Now, the expensive events and materials offered by some directors and NSDs is one of my gripes. YOU DO NOT NEED THAT STUFF! And, I do wish that the company would put some type of limits on these workshops, etc. Maybe if they are appearing in their official MK capacity, the company could limit the amount charged. I know that many of the attendees are not from their areas, but it is their choice to have the event and allow it to be open to all. Trust me, some of these ladies are making bucket loads of money on these events. Did Mary Kay Ash charge to hear her speak?

    The best way to stop this practice is for directors to stop promoting them and for consultants to stop attending. It hurts us all. Either the consultant is in their area and they are already being paid a commission on them, or they are not a commissioned level, or they belong to someone else. Consultants often spend their 60% re-order money at these events, then do not have money to place the order that they need to place! That means those directors are affecting the bottom line for that consultant, the unit, and their own director. The other scenario is that they spend their profit. That's okay if it is worthwhile, but ladies there is no secret, no magic trick that will totally change your business.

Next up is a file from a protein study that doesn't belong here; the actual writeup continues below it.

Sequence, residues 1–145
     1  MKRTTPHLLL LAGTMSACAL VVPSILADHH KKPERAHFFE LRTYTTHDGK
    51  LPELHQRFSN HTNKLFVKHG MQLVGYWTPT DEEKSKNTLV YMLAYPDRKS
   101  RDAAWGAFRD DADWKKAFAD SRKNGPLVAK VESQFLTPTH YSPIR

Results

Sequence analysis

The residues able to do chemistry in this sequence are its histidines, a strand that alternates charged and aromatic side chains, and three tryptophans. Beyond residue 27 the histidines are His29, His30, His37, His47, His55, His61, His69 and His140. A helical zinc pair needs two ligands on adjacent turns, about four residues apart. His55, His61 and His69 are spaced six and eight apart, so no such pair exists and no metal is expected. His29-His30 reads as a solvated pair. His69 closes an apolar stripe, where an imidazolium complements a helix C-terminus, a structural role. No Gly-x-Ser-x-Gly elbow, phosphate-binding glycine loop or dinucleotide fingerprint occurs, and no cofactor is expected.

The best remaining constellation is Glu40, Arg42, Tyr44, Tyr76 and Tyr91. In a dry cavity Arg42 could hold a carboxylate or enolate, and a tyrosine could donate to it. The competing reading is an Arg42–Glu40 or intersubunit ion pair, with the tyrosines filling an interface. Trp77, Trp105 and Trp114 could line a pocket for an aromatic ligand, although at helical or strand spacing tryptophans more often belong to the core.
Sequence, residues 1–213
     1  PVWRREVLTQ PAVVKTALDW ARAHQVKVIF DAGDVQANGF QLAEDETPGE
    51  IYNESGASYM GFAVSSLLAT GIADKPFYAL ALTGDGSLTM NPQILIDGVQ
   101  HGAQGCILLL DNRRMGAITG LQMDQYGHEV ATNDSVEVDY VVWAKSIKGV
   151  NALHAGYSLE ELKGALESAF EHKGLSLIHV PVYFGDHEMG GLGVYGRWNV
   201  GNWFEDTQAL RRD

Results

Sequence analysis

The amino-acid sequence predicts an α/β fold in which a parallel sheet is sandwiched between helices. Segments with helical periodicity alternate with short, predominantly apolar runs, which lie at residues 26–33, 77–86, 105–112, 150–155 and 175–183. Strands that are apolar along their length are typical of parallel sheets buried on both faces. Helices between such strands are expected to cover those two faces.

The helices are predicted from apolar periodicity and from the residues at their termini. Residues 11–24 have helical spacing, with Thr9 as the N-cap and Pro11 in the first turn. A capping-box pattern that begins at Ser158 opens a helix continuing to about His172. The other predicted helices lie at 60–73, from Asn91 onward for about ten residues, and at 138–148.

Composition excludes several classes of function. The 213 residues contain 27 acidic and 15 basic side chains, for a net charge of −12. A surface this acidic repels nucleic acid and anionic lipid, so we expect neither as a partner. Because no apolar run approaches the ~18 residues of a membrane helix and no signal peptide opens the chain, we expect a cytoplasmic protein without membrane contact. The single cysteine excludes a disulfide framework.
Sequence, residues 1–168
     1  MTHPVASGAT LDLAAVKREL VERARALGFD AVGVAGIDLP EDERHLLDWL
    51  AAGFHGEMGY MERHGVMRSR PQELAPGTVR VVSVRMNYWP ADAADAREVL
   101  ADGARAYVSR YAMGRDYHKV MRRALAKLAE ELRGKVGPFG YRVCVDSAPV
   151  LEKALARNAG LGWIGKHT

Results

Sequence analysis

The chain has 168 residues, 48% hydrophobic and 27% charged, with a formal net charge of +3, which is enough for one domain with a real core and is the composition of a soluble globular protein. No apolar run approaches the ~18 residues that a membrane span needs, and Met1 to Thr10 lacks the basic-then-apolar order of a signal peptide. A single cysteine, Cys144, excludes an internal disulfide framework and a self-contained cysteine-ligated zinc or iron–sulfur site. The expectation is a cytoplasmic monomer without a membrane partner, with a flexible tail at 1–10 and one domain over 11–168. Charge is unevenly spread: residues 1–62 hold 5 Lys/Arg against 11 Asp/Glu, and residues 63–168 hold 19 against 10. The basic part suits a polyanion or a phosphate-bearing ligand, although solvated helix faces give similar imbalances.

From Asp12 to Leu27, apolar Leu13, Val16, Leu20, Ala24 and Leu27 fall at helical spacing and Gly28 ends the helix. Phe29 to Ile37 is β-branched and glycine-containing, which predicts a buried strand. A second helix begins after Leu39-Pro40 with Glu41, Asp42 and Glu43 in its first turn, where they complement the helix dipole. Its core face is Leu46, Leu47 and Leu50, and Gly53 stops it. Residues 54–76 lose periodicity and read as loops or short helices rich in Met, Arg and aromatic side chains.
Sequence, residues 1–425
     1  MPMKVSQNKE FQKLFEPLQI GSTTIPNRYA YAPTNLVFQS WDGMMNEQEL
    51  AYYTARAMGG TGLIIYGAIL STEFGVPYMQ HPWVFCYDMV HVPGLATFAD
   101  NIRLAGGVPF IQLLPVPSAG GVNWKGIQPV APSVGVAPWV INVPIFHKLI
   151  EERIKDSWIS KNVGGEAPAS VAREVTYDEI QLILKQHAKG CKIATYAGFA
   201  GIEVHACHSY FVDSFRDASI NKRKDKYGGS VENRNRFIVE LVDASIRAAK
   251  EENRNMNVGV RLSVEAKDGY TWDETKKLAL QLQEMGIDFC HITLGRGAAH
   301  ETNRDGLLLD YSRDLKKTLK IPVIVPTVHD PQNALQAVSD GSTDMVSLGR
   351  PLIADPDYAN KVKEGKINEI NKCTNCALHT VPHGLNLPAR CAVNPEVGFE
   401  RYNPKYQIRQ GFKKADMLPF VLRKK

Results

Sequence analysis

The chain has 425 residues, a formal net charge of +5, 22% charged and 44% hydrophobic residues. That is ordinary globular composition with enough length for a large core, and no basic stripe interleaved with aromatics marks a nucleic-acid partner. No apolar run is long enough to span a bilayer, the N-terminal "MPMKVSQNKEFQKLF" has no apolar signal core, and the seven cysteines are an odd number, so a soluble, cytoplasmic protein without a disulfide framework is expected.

The one workshop that I do highly recommend is Robert Jones. It is worth every penny and the information provided will help you recoup the cost of the workshop over and over again.

    As for CDs etc., go straight to MK InTouch and shop. There are very inexpensive AND company approved.

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  14. Speaking the real truth I really dont have a problem with some bigtime directors charging for events in a hotel IF a consultant wants to pay and its a debut or even a recruiting event especially if its at a hotel because guest are free. Im with you though on the directors who are charging 35-40 dollars for someone to hear how THEY did it....LOL There is only so much one can say about recruiting.

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  15. speaking the real truthJune 12, 2008 at 2:01 PM

    I have no problem with someone recouping their costs (reasonable costs!). However, I have heard from a NSD herself that some are making really big bucks off of these events, and some of them include their own people!